Not long ago, I tagged Prototype 1.7.1, an update 18 months in the making. It features an overhaul of our DOM library and better coexistence with ES5 methods, but quite a bit more as well.

I'm sure you're curious about why it's taken so long. But first let's look at what's been done in 1.7.1.

Prototype 1.7.1

When last we spoke, I told you about the plans we had for and 1.7.1 — a bugfix release and a minor release. They've been rolled into one large release that delivers the big things we promised from each version, plus a bunch of small fixes.

DOM rewrite

We've rewritten the dom.js section of Prototype from the ground up. Why? For a few reasons:

  1. We wanted to use the code conventions that the rest of Prototype used. This means creating named functions inside a private closure, then attaching those named functions to public objects to expose an interface. It makes for more concise code and helps you debug. For instance, the Element.hide function will now be called hide instead of (anonymous function) when you're looking at a call stack.

  2. We took the opportunity to change the way we register events. It makes us much less susceptible to dreaded memory leaks in older versions of Internet Explorer. Not only does this improve performance in IE on page unload (where before we'd have to unregister every event handler in order to prevent memory leaks), it also improves performance on a number of DOM-related methods, including update and remove.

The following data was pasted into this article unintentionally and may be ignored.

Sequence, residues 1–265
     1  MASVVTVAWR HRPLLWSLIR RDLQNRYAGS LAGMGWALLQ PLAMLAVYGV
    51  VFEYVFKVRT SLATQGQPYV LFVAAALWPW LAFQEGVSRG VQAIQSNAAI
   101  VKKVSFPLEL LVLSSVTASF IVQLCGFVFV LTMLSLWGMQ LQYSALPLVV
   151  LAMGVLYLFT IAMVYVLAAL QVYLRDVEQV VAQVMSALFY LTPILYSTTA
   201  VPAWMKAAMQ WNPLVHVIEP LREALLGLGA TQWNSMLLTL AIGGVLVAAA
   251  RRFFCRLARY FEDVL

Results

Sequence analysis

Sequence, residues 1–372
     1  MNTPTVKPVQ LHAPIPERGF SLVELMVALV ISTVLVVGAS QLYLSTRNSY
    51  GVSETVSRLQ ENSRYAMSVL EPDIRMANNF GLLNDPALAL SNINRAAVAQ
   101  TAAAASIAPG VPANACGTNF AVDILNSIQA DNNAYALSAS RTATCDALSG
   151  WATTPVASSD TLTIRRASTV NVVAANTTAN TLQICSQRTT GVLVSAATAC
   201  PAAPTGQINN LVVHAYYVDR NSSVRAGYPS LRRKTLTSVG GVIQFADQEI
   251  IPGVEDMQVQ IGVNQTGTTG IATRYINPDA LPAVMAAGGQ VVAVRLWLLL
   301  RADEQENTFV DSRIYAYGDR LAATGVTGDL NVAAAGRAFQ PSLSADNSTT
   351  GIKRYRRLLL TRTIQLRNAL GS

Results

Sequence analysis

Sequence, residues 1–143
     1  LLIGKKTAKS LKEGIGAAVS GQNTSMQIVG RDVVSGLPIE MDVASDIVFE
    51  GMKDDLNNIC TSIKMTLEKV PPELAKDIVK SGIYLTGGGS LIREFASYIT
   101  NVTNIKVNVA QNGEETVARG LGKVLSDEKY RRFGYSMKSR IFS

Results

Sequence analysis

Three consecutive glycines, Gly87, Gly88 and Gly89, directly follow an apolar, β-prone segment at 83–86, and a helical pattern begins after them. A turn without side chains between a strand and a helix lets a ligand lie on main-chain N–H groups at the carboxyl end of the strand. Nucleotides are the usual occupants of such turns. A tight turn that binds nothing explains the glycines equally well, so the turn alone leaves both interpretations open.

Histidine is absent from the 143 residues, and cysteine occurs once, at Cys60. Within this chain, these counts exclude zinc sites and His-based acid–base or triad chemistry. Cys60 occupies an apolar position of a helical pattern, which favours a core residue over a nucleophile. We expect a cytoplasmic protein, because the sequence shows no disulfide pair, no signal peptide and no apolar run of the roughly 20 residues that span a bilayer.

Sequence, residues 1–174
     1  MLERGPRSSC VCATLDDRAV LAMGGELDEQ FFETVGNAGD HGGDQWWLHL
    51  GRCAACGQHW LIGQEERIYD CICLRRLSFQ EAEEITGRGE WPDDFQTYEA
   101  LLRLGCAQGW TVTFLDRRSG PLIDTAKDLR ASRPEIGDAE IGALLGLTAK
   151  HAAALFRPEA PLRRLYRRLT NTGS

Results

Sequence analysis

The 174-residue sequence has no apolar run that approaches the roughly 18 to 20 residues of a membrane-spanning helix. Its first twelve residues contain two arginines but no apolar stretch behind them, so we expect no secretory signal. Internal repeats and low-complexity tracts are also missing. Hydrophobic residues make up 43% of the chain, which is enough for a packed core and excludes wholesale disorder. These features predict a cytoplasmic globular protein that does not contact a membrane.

3. The wholesale rewrite let us consolidate repetitive code tasks into new convenience methods. For instance, we've minimized the amount of arbitrary property-setting on DOM nodes, opting instead to use our storage methods. In most browsers, only one expando property is set on DOM nodes; in IE8 and above, zero properties are set, because we use IE's existing uniqueID property instead of generating our own unique storage key for each element. This should make for faster DOM tasks in IE and better introspection across the board.

  4. Likewise, we got rid of a bunch of redundancies created when we added the Element.Layout system, and fixed a few bugs for layout-related edge cases.

  5. If you're the crazy sort who likes to read the source code, you should find all of dom.js to be vastly more readable now. Workarounds for specific browsers are named in a consistent fashion, and most are annotated with explanatory comments.

ECMAScript 5 compatibility

A number of methods popularized by Prototype are included in the ECMAScript 5 specification. This is great news, but it means we have to be careful not to break code that presumes these methods will behave in an ES5-compliant way.

We've rewritten some array methods — specifically map, some, every, and filter — so that they abide by the ES5 spec as closely as possible. That means, for instance, that they'll throw TypeErrors if you try to call them on null values, just like they would in their native browser implementations.

This means that Prototype acts as a polyfill for ES5 array methods, adding them to any browser that doesn't support them natively. Credit goes to Arthur Schreiber for spearheading this effort.

One small compromise we chose to make: in ES5, these methods throw a TypeError if no iterator is given. In Prototype, the iterator is optional, and defaults to an identity function if omitted. We decided it was better to keep the latter behavior for backward-compatibility than to break existing code in the name of rigid ES5 compliance.